In Matthew Arnold’s developed criteria for the evaluation of poetry, he stresses the importance that a poem is “excellent rather than inferior, sound rather than unsound or half-sound, true rather than untrue or half true.” Nothing could be vaguer than his use of the words “excellent” and “inferior,” and nothing more obscure in meaning than the words “sound,” “unsound,” and “true.” However, the close relation in which he uses them suggests that they are interrelated. This connection can be easily made between excellence and sound in the world of poetry: the use of sound devices and overall rhythm of a ...
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... of control over a poem once it is implemented because it limits word choice to that of certain sounds. In “Dover Beach,” Arnold maintains the usage of similar sounds and the repetition of rhymes, giving the poem a euphonic nature, but does not confine them to any set pattern throughout the poem. This structure aids in the poem in that the poem itself is a call to be unconventional, as the conventional world is failing. The choice of Arnold here to not set a regular pattern, though he is fully capable, emphasizes his dedication to presenting unwaxed truth by construction meaning through sound.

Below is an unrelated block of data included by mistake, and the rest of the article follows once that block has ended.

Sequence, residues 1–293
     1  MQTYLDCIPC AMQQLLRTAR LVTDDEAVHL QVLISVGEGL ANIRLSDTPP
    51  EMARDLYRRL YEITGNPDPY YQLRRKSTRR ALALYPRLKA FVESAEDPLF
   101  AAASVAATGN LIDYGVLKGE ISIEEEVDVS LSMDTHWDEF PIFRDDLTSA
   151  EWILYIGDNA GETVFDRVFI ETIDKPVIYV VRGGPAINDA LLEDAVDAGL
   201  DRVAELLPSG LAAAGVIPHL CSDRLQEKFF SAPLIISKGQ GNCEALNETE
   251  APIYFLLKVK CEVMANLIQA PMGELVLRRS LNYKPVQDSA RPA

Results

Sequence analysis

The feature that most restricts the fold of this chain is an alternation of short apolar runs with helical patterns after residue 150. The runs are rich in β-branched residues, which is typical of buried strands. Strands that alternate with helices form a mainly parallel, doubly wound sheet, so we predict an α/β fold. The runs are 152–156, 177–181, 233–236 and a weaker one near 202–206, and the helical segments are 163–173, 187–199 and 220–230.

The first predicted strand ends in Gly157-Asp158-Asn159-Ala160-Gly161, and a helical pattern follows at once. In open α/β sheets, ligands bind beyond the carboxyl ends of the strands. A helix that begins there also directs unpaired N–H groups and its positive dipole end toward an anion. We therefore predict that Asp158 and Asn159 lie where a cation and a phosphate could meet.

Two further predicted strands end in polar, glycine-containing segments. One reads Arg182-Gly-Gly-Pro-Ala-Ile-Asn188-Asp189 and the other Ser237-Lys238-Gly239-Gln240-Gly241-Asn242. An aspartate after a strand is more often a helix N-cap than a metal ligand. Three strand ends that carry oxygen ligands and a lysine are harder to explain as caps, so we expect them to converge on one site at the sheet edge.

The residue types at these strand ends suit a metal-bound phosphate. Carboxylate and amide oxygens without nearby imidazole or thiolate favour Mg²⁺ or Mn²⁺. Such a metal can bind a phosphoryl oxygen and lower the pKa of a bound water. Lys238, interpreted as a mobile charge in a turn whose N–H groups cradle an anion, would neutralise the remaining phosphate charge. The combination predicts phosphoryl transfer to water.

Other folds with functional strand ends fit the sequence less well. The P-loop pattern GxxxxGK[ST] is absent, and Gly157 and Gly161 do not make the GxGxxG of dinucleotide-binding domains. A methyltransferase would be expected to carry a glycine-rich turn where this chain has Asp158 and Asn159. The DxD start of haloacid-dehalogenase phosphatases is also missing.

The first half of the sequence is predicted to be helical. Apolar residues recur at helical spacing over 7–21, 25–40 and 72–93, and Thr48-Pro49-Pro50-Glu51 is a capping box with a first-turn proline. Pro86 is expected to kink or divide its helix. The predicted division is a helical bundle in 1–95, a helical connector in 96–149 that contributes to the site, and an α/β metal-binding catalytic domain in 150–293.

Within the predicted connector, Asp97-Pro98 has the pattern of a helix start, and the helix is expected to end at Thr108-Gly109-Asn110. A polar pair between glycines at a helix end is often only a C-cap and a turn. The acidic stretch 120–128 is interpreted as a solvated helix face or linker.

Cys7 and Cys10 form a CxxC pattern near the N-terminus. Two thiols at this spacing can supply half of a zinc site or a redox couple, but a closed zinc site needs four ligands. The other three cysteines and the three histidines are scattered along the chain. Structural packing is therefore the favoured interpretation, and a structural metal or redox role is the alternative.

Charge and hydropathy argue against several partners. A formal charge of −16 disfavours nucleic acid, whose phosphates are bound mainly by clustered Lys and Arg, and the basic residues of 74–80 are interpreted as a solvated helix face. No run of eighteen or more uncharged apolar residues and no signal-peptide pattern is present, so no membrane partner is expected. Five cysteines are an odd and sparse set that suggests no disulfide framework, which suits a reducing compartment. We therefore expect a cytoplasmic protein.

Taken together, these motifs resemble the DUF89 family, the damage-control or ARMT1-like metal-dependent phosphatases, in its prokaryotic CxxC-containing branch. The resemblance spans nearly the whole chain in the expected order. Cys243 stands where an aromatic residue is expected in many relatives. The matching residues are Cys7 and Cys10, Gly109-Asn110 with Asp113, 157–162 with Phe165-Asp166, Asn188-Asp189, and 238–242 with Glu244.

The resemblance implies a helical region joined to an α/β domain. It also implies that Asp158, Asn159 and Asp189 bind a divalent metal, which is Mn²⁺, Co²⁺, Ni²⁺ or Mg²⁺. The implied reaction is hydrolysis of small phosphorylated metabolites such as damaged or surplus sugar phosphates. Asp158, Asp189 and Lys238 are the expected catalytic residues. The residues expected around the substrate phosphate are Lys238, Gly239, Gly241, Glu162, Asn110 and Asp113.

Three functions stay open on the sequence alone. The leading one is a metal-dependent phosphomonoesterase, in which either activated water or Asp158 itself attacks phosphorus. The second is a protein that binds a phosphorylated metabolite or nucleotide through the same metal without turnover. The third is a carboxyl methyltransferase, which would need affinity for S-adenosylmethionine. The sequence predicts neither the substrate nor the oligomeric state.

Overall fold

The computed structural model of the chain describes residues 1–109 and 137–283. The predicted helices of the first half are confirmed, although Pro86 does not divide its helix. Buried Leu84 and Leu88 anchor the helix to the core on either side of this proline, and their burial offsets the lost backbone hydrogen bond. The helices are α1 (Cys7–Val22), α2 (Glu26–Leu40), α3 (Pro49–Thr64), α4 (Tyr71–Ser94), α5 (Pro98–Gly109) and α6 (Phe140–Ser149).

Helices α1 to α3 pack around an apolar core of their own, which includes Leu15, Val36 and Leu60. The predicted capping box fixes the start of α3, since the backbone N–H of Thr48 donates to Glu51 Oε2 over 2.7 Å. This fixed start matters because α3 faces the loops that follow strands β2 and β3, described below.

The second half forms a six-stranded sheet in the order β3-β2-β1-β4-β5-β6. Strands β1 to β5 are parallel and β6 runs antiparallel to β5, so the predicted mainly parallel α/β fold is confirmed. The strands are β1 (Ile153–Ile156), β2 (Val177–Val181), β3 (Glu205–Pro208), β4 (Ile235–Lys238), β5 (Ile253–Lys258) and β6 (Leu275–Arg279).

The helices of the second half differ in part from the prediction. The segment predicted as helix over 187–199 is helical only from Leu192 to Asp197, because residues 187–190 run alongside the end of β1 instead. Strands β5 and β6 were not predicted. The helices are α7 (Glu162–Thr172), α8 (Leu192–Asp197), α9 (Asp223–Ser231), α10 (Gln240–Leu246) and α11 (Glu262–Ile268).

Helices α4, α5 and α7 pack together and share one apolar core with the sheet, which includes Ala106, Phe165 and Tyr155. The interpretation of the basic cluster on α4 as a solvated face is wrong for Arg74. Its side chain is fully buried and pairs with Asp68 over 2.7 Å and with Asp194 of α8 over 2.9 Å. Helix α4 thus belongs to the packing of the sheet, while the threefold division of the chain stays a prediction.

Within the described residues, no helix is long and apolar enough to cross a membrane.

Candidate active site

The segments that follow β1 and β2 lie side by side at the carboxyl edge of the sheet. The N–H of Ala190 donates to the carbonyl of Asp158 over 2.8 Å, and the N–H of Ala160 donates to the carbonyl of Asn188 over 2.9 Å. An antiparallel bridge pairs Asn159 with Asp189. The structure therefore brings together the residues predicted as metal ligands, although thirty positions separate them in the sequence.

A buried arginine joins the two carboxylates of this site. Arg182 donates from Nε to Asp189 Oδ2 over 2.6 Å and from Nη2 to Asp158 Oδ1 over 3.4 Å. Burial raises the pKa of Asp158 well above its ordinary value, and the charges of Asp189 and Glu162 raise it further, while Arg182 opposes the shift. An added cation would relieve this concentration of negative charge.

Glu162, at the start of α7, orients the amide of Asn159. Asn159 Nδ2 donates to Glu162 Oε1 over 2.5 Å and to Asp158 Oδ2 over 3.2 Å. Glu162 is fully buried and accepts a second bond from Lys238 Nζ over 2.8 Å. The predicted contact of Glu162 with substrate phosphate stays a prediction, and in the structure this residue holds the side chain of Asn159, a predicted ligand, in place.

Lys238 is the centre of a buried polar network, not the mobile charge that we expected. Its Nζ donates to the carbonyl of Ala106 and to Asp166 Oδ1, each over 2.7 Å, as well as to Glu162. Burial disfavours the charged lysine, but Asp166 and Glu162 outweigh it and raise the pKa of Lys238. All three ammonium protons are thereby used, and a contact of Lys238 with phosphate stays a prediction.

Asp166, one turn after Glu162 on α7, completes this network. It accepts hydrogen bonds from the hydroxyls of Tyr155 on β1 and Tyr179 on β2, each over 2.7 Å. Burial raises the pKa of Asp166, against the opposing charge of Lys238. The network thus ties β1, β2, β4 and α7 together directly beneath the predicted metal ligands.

Arnold’s use of sound devices are certainly excellent in the basic terms of creating a melodious and engaging network of sounds within his poems. Furthermore, his dedication to meaningful construction through these devices shows how sound can bring a kind of truth to poetry.
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